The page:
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Neem Oil: The Organic Pesticide Of Choice For Cannabis

Neem oil can act as both a preventative tactic and cure for a number of insect and fungus problems. It doesn’t affect friendly insects and acts as a growth tonic that keeps marijuana vibrant. Neem oil is a must-have for the serious organic cannabis grower.

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NEEM OIL

Neem oil affects a wide variety of insects and plays an important part in an organic pest and pathogen management program. Sometimes, it appears as a deep green or mustard yellow, dark red, or pale green colour depending on the region and the extraction method used.

The neem tree grows prolifically on the Indian subcontinent. It is prized for the powerful effects of the concentrated triglycerides and triterpenoids contained within its oils. Neem oil is pressed from the seed and fruit of the neem tree and has been used horticulturally and in Ayurvedic medicine for centuries.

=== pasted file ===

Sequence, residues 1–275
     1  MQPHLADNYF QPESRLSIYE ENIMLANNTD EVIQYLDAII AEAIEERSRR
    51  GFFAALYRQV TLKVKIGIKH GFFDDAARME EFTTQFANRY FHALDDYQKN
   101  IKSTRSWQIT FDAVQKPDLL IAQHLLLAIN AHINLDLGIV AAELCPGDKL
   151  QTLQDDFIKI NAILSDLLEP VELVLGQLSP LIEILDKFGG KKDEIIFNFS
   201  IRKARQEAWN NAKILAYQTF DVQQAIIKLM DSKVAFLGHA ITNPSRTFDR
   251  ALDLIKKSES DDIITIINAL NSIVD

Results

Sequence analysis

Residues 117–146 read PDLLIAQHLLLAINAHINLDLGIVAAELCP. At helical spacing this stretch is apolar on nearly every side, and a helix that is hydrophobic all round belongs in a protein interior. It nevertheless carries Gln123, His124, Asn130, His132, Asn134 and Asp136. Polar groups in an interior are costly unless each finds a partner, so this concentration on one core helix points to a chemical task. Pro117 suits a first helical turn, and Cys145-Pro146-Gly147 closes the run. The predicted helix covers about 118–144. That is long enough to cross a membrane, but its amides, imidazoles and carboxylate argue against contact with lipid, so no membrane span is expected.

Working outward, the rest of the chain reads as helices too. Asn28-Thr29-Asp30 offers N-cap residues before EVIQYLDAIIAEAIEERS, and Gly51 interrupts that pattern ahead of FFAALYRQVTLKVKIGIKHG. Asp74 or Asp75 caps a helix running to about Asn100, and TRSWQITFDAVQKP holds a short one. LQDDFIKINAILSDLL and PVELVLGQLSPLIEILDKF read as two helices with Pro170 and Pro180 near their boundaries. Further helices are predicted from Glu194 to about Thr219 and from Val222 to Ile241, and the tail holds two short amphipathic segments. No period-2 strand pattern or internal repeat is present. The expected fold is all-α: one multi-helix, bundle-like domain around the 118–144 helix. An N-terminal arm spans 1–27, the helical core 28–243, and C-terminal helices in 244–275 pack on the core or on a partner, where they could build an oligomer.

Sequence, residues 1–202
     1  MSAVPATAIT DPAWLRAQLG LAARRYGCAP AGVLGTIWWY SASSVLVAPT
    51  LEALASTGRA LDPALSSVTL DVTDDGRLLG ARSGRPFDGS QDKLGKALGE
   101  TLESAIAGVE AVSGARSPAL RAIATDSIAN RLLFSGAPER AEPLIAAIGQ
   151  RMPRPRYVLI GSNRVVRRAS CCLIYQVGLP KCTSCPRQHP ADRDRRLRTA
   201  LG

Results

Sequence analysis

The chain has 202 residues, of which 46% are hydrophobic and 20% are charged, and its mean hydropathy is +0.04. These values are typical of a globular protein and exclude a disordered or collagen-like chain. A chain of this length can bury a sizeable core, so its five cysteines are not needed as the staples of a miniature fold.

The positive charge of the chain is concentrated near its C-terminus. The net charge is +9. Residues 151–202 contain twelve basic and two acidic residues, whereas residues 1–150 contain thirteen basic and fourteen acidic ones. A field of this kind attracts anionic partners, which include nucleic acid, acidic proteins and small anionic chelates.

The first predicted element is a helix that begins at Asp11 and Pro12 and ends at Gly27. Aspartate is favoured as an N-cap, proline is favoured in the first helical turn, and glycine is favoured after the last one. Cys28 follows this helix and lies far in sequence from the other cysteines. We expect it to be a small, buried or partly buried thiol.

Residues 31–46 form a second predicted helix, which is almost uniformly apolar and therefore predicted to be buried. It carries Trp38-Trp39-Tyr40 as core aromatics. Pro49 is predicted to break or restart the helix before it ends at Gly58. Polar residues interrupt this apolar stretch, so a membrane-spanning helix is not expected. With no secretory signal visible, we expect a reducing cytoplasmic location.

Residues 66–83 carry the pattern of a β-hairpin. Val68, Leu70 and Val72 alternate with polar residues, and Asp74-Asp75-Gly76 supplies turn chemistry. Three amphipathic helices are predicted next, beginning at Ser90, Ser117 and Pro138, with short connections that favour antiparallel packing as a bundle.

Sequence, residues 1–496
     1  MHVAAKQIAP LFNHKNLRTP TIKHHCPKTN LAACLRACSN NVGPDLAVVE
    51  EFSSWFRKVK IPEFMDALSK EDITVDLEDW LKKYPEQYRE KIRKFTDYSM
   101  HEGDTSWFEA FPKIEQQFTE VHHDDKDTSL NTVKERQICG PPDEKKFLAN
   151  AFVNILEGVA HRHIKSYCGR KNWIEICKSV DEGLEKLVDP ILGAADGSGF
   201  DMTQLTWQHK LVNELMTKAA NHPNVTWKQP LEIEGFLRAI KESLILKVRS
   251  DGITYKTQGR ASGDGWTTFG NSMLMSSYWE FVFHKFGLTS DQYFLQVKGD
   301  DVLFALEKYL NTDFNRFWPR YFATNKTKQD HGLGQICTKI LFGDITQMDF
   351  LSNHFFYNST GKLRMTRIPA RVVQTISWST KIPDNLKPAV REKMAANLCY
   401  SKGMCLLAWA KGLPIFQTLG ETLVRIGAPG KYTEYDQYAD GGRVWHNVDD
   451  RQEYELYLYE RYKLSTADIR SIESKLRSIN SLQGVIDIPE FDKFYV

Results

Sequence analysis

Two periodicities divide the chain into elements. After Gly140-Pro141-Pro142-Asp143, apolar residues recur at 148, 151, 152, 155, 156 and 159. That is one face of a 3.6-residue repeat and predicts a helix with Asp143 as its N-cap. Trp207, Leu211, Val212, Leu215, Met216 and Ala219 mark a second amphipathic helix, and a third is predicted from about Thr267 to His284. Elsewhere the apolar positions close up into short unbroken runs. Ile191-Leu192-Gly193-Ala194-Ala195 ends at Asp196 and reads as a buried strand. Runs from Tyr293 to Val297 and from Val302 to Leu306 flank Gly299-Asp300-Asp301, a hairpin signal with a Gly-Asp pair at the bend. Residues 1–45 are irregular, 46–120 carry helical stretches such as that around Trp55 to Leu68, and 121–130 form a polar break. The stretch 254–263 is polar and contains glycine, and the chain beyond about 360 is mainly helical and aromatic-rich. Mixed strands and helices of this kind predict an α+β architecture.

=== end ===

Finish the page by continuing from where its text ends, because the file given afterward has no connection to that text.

The list of benefits of neem oil for the human body are quite astounding. Those interested in natural medicine will really find some interesting uses. To this day, neem soaps and cosmetics are still produced and preferred in India.

Neem Oil

NEEM OIL FOR ORGANIC CANNABIS CARE

The organic cannabis grower will find the benefits of neem oil to be a pest and fungus-free garden. Neem oil remarkably only targets bad bugs in your garden and leaves good bugs alone. A regular application will suppress spider mites and white flies, fungus gnats, and nasty nematode infestations. Ladybugs and butterflies, bees, and earthworms all remain unaffected.

Regular application also suppresses a number of other pathogens that can affect cannabis. Powdery mildew and rust, rose black spot, and other fungi endemic to humid and still conditions cannot take hold. Neem oil can also be watered into the growing medium to prevent or control root rot, while acting as a mild growth stimulant.

The application of neem every ten days acts as a prophylactic measure for pests and pathogens. Prevention is always the best policy. If there is not an active harm prevention policy in place, an infestation of some kind can occur. In this case, neem oil can also be used as a direct pesticide.

Examples Of Use:
  1. Removing the webs of spider mites, then spraying with neem will cure an infestation and return vigour to new growth.
  2. Fungus gnats are more difficult to control as they swarm, but leaf damage is far less with neem oil as the leaves become inedible. Used in conjunction with sticky strips, gnats can be brought under control quickly.
  3. When rinsed through the growing medium with water, neem destroys bad nematodes and makes the bodies bioavailable as nutrients.